The Founding Fathers constructed a system of government that would make it difficult, but not impossible, for a demagogue to assume office because they knew the dangers inherent in the majority’s passions. The institutions they created were designed to impose reason and order upon those passions, to channel them into the productive enterprise that was self-government.
But from the outset, the fragility and fault lines of America’s political institutions were clear. In fact, the only natural check against dictatorship in the United States was not the Constitution—which would constrain a tyrant once in office—but the existence of countless factions with opposing interests who would, it was hoped, prevent one faction from gaining total power in the first place. In The Federalist number 10, James Madison wrote: “the majority, having such coexistent passion or interest, must be rendered, by their number and local situation, unable to concert and carry into effect schemes of oppression.” But if a collection of factions, operating under a strongman who promised them redemption came to power, Madison’s formula would prove ineffective. One wonders how Alexander Hamilton, James Madison, and the other delegates to the Constitutional Convention would have changed their plans to form “a more perfect union” had they known about fascism and national socialism.
Trump will threaten those very same institutions the Founders created to withstand his authoritarian impulses. In a democracy, the individual who holds the highest office also shapes the institutions, even as he is shaped by them. Trump’s imprint on America’s system of government will be permanent, and will include irreparable damage of the kind that this republic has never seen. These are not the fears of Reaganism from the 1980s, but of Trumpism and its assorted plots to target minorities, sue journalists, expand libel laws, send out deportation forces, resume torture, kill the families of terrorists, apply religious tests to individuals, and policies we cannot yet foresee. In one year, Trump made what was once disqualifying and ruinous into the new normal. One year from now, the same will be said of the Office of the President of the United States. As the poet John Harington wrote, “Treason doth never prosper: what’s the reason? Why, if it prosper, none dare call it treason.”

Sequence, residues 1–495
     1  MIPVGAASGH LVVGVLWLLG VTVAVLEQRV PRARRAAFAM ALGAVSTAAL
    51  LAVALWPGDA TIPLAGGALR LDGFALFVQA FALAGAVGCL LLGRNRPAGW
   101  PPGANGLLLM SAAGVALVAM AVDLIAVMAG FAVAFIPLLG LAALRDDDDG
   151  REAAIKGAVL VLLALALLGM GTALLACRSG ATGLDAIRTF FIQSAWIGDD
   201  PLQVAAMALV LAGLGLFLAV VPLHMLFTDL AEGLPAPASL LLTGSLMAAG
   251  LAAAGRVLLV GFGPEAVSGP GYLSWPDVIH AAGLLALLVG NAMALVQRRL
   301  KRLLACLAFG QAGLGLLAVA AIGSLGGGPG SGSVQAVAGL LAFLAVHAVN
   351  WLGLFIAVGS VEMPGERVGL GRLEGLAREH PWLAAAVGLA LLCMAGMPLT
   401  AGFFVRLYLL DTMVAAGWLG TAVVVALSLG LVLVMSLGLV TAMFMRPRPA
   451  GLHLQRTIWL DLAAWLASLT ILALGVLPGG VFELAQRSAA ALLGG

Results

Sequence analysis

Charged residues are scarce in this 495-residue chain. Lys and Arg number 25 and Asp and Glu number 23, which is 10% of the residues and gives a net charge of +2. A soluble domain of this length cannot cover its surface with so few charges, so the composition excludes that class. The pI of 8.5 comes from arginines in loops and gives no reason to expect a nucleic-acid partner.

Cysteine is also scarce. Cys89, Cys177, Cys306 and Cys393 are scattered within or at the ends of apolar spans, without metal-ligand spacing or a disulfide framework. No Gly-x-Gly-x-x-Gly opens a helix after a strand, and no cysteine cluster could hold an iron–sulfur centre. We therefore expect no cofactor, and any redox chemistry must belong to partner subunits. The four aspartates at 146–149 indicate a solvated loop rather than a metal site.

The great uncertainty today, from the standpoint of Trump’s victims past, present, and future, is whether the president-elect will be as bad as he might be, whether he will be Silvio Berlusconi or Adolf Hitler. It would be naive, suicidal even not to assume the worst at such a moment. Hitler, in 1922, was not the Hitler of 1939. In one of the very first mentions of Hitler in The New York Times, dated Tuesday, November 21, 1922, here is what it said:
Several reliable, well-informed sources confirmed the idea that Hitler’s anti-Semitism was not so genuine or violent as it sounded, and that he was merely using anti-Semitic propaganda as a bait to catch masses of followers and keep them aroused.
The covers of economic anxieties, of infrastructure spending, of deal-making, should not be used to mask the reality of the United States government being turned into a party-state run by a racist demagogue. For those among us who are most vulnerable, there is no solace to be found in arguments that try to reduce our fear by claiming it is irrational. The instinct for self-preservation is the most rational of all instincts, and we know that when the Trump Administration metes out violence against us, his violence will be operationalized by a banal bureaucracy hidden behind fortresses of power and conducting its day-to-day business away from the eyes of the common citizen. It will be carried out by Eichmanns, not by Hitlers. To grow complacent now is to aid the forces of despotism, and to undermine both the dignity and the life of the individual in a country suddenly hostile to both.
From the standpoint of Trump’s victims, this is a moment that calls for resistance.